Diablo 4 Update Dives Deep On The Necromancer, Including Its Unique Book Of The Dead Mechanic

The Necromancer is back, with the class able to customize its undead minions in more ways than ever before.


After a splashy debut as part of the Xbox and Bethesda Showcase, more information about Diablo IV's Necromancer class has been revealed, including a new unique class mechanic called Book of the Dead which will give players even more control over their undead minions.

As explained by Diablo IV lead class designer Adam Jackson in a new Blizzard blog post, the Book of the Dead is a feature unique to the Necromancer and is available from the very start of the game. Summons like Skeletal Warriors, Skeletal Mages, and Golems can all be customized, with each type of minion sporting three specializations to choose from. The blog uses Skeletal Warriors as an example: They can have increased attack power or reduced health under the Skirmisher specialization, more health under the Defender specialization, or focus on slower, AOE attacks as the Reaper specialization. Each type of undead minion also has unique upgrades, allowing them to be further tailored for specific playstyles.

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Now Playing: Diablo 4 Necromancer, PvP, World Boss Gameplay with Commentary

For players who don't mind sacrificing their skeletal friends for more power, the Book of the Dead allows that too. Each type of minion can be sacrificed for personal buffs, with players able to mix and match which minions or buffs they may want to bring into battle.

As for how the Necromancer themselves play, they gain a resource called Essence from using basic attacks which can then be used to cast certain spells. Necromancers also utilize corpses from slain enemies to use signature abilities like Corpse Explosion, and players will have means to generate corpses all their own as well. Necromancers will be able to use swords, daggers, wands, focuses, and shields, and are the only class in the game able to use scythes.

There are a number of different playstyles for Necromancer players to choose from, many of which will be familiar to players of previous Diablo games. Blizzard states that the team spent "a considerable amount of time" ensuring that fans of previous versions of the Necromancer from Diablo II, Diablo III, and the newly released Diablo Immortal would find something familiar in the new version of the class.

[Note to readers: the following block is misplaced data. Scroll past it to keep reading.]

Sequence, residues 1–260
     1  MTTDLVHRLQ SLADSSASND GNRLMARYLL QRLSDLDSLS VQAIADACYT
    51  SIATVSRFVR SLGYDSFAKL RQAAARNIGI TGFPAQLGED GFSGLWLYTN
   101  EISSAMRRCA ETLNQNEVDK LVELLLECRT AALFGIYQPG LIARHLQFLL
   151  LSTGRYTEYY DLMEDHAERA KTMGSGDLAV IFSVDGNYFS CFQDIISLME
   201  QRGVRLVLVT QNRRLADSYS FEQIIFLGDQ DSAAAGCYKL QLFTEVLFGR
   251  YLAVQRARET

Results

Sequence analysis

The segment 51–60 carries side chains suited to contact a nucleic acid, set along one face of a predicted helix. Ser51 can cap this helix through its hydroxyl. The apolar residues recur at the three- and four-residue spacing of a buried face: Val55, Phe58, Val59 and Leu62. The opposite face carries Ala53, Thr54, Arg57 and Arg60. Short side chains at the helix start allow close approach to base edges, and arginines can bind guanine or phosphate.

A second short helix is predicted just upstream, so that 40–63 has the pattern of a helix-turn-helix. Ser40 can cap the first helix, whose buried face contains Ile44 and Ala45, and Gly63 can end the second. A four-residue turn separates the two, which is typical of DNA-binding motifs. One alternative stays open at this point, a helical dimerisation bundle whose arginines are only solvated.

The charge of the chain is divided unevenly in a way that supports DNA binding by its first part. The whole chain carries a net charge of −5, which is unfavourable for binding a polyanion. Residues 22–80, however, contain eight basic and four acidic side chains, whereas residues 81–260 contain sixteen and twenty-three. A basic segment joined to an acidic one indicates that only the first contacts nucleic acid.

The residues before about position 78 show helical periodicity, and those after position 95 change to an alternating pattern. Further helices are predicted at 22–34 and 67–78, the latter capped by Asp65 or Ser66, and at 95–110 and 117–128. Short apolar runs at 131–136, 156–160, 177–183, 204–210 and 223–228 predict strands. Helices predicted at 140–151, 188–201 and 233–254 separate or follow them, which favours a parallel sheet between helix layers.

Playing as a Bone-focused Necromancer means putting an emphasis on attacks that benefit heavily from critical strike and using Essence, with abilities like Bone Spirit and Bone Prison making their return. Darkness Necromancers will use spells to debuff and control enemies while inflicting damage-over-time effects. Necromancers who want to play more defensively may find themselves focusing on Blood spells, which can siphon life from enemies and turn it into power, like with the Blood Mist skill, which makes the Necromancer temporarily immune to damage while draining the life force of nearby enemies. Last but not least is the Army playstyle, which is all about summoning the undead to dish out death and destruction. Jackson states that Necromancers who want the maximum number of minions will only need to dedicate two buttons on their skill bar to summoning the undead, "leaving room for player expression in what additional skills they want to put on their bar."

For more information about the Necromancer and how Diablo IV is shaping up, be sure to check out this interview with game director Joe Shely and Diablo franchise general manager Rod Fergusson.

A recent job listing for Diablo IV confirmed the game will have an in-game shop. Fergusson later confirmed that the plan is to sell optional cosmetics and expansions for Diablo IV, but the in-game shop will not include any way to purchase player power. Diablo IV is now slated to arrive in 2023, and will feature cross-play and cross-progression across consoles and PC. Diablo IV lost its previous game director following allegations revolving around various lawsuits and investigations related to an alleged "frat boy" workplace culture at Activision Blizzard, which is currently in the process of being acquired by Microsoft in a $69 billion deal.

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